King vs. Burwell and the Importance of 5 Words

On Wednesday, the Supreme Court will hear argument in the case of King vs. Burwell.  This is the so-called Obamacare subsidy case and whether those tax subsidies should be extended to those taxpayers who purchased insurance on the Federal exchange known as Healthcare.gov.  As I mentioned in the previous article, this is not a case of the constitutionality of the law, but one of statutory interpretation- an area the Supreme Court handles and deals with more often than outright constitutional issues.  Given the complexity of today’s laws, that is to be expected.  Given Obamacare, which is complexity on steroids, this case was inevitable.

Numerous articles have been written on this case and I could refer one to Scotusblog.org for a great series of articles presented as a symposium among legal minds.  More importantly, there have been numerous studies that analyze how the Supreme Court approaches these types of cases.  There are generally two camps of thought.  Both, however, use two primary analytical frameworks: the actual words of the law and their common law usage, and what makes sense.  It is in this latter area where the analysis diverges.

The first group looks at the larger legal landscape.  They look at and analyze not only the common law, but also Constitutional provisions (if applicable and there are none in this case), previous cases in dealing with similar issues, and other laws for similarities.  In the end, they tend to concentrate on the practical consequences of any rulings and, most importantly, how the law can be or is administered given their outcome.

The second group, which tends to be in the dissenting minority, instead focuses on policy.  To do such, they attempt to make sense of what Congress was intending to do when they wrote the law.  Thus, they are more apt to use tools like the statutory purpose of the provision in question, inferences of Congressional intent, and the legislative history of the law in question.  Their analysis could best be described as a search for policy constancy rather than implications and practical concerns.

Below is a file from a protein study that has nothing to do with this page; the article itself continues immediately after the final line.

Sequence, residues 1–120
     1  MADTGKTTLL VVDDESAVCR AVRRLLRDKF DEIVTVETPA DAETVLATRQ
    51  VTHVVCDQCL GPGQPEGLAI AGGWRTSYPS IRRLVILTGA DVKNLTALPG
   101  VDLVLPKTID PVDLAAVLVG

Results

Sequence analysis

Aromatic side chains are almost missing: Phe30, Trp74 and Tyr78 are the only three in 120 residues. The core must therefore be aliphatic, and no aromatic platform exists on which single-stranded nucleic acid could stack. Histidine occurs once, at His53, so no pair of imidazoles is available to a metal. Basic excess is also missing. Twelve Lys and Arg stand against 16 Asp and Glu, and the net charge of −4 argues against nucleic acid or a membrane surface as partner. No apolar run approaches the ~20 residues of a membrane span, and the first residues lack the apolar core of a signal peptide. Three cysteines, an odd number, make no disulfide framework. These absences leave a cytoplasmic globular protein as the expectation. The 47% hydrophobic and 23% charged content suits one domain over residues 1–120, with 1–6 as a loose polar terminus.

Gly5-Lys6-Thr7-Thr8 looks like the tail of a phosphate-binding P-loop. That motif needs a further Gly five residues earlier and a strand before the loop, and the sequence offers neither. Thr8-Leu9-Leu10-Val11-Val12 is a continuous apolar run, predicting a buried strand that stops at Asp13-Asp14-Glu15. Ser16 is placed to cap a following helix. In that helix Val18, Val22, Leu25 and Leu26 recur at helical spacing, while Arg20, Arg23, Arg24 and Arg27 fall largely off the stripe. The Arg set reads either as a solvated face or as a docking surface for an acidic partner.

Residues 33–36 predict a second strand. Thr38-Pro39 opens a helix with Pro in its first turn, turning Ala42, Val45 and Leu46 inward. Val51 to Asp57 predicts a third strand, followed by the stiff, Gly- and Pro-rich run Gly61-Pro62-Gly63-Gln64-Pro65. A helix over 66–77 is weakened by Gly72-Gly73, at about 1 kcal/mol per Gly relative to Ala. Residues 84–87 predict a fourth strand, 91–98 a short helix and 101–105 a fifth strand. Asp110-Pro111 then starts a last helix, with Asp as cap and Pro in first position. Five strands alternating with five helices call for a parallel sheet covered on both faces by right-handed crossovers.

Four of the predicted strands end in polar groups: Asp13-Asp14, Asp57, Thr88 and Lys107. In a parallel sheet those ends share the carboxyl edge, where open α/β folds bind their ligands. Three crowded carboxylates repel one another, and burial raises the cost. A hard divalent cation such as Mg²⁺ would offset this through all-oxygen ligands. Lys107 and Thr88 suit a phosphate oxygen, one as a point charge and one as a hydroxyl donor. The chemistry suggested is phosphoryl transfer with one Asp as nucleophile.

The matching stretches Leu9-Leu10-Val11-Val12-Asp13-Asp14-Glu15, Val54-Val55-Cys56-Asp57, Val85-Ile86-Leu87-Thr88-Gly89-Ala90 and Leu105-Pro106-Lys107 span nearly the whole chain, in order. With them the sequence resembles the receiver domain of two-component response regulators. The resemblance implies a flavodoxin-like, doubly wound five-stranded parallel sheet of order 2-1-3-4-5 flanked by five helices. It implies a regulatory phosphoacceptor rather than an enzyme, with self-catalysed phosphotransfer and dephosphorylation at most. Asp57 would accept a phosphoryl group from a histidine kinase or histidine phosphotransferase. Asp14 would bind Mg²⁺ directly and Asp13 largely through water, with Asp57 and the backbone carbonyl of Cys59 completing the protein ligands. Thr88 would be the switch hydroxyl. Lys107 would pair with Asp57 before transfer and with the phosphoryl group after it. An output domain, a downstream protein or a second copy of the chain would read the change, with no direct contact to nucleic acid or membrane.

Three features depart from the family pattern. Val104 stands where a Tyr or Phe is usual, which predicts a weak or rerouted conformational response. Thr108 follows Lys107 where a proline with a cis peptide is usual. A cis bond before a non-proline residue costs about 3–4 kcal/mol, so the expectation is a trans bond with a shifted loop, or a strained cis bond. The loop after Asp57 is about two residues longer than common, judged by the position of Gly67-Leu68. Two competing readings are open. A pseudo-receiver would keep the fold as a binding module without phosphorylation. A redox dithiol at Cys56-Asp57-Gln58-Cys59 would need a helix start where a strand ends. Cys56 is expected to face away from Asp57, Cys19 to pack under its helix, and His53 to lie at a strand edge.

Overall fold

It should be noted that no single Justice relies exclusively on one method of analysis to the exclusion of the other.  There are strange cross breedings of analysis that often results in some strange alliances that defy what would be expected.  So, it is best to look at the top 5 methods of analysis most often employed.

The first is the actual text of the law and its plain meaning.  If the Court were to exclusively use this analysis, then the King would necessarily win.  The applicable clause of the ACA mentions that federal tax subsidies would be extended to those who purchased insurance on State-established exchanges.  The reasoning, they offer, is that this was a carrot being extended to the states to set up health care insurance exchanges.  Thirty-four states failed to do so for a variety of reasons.  But rarely do they exclusively use this analysis.

The second analysis is the practicality of the provision in question.  As mentioned, the practical purpose of the federal subsidy offer was to induce states to establish exchanges.  Congress knew there would be practical and political opposition to these exchanges and this offer of subsidies was designed to essentially buy off the states.  In fact, there are other provisions of the ACA that are worded specifically to target individual states as concerns Medicaid expansion- the so-called Cornhusker Kickback and Louisiana Purchase.  If Congress could be so specific in wording that they can directly and with surgical precision target individual states, it begs the question as to why they would leave the federal subsidy provisions so ambiguous.  The government argues that the “ambiguity” can be cleared up by references to other clauses in the ACA that seem to indicate the federal subsidy could be offered if insurance was purchased on the federal exchange.  Why they did not explicitly say so is of importance here.